No evidence that recovered patients are immune, says WHO

Health agency warns governments against issuing ‘immunity passports’

A medical worker administers a Covid-19 test at a testing site in California.

The World Health Organisation (WHO) said on Saturday that there was currently “no evidence” that people who have recovered from coronavirus and have antibodies are protected from a second coronavirus infection.

In a scientific brief, the United Nations agency warned governments against issuing “immunity passports” or “risk-free certificates” to people who have been infected as their accuracy could not be guaranteed.

The practice could actually increase the risks of continued spread as people who have recovered from the illness, also known as Covid-19, may ignore advice about taking standard precautions against the virus, it said.

“Some governments have suggested that the detection of antibodies to the Sars-CoV-2, the virus that causes Covid-19, could serve as the basis for an ‘immunity passport’ or ‘risk-free certificate’ that would enable individuals to travel or to return to work assuming that they are protected against re-infection,” the WHO said.

“There is currently no evidence that people who have recovered from Covid-19 and have antibodies are protected from a second infection,” it said.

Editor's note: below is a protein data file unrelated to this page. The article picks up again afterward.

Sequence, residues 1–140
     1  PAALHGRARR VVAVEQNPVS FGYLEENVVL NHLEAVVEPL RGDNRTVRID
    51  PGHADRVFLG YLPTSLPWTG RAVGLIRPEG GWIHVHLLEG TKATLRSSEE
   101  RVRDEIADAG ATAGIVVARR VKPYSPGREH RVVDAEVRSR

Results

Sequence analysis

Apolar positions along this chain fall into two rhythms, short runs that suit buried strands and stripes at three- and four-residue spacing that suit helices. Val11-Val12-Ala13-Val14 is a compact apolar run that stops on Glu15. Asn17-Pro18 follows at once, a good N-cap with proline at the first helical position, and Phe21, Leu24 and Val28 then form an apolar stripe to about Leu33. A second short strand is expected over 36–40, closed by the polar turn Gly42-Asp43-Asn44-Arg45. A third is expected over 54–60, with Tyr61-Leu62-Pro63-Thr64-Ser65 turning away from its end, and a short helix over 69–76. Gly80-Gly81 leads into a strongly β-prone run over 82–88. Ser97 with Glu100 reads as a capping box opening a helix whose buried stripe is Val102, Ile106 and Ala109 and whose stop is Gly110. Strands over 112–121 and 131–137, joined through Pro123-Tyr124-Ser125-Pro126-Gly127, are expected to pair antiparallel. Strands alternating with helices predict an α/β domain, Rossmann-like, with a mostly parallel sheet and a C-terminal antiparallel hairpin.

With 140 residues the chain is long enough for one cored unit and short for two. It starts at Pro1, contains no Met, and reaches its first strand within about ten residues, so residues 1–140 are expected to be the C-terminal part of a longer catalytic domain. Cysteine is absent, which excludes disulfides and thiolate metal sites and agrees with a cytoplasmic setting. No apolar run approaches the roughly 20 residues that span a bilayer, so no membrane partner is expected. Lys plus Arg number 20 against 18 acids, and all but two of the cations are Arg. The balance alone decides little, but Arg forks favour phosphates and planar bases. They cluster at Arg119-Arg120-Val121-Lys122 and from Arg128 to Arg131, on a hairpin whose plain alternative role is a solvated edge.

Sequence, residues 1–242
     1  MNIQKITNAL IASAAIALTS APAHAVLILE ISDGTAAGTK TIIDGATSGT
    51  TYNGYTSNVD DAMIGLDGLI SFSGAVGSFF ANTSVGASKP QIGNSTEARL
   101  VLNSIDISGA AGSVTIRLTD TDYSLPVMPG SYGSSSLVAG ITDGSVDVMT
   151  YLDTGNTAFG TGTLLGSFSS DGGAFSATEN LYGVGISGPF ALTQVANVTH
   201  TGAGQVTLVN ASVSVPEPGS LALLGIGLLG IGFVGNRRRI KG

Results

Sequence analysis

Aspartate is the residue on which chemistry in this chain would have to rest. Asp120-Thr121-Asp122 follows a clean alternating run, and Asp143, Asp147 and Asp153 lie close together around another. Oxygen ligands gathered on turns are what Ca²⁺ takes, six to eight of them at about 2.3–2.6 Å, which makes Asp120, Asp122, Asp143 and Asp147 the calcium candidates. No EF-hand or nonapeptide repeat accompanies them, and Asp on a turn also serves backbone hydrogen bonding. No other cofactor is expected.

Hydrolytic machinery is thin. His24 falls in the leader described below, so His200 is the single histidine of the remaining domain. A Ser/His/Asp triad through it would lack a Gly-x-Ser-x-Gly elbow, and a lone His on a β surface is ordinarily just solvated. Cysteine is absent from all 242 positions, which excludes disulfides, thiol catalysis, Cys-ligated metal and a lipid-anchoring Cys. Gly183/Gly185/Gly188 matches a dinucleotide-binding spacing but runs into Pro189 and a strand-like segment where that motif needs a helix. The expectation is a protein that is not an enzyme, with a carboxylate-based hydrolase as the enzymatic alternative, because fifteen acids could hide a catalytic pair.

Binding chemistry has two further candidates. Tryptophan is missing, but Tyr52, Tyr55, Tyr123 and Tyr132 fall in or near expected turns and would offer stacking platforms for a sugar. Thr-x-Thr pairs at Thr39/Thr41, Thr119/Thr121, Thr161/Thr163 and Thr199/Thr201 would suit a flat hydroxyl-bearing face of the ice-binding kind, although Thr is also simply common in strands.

Chile said last week it would begin handing out “health passports” to people deemed to have recovered from the illness. Once screened to determine if they have developed antibodies to make them immune to the virus, they could immediately rejoin the workforce.

The WHO said it continued to review the evidence on antibody responses to the virus, which emerged in the central Chinese city of Wuhan late last year. Some 2.8 million people have been reported to be infected by the novel coronavirus globally and 196,298 have died, according to a Reuters tally.

Most studies have shown that people who have recovered from infection have antibodies to the virus, the WHO said. However, some of them have very low levels of neutralizing antibodies in their blood, “suggesting that cellular immunity may also be critical for recovery”, it added.-Reuters


  1. What, are we saying that Boris and Nicola’s plan to spread the virus to protect the economy at the expense of a few pensioners, was wrong.

    Ah well, what’s done is done. No need to ask any questions.

  2. And no, the virus has not gone away.

    The Financial Times says that it calculated 41,000 COVID deaths compared to the 18,400 deaths reported by Dominic Raab.

    So here’s the big question. If it took 41,000 deaths going up the curves, is that the same coming down.

    And an even bigger question. If only five percent, or ten percent of us have been infected, and in consequence rendered immune, which is not a given, what happens in the remaining 90 to 90 percent of the population, currently not having been exposed to the virus.

    The decision by Boris and Nicola to spread the virus, Cheltenham, Lewis Capaldi et al. Was it wise,

    Why did we deviate from the WHO and what other countries were doing.

    British, is best. Conservative is Best. Brexit is best. Do we think so?20

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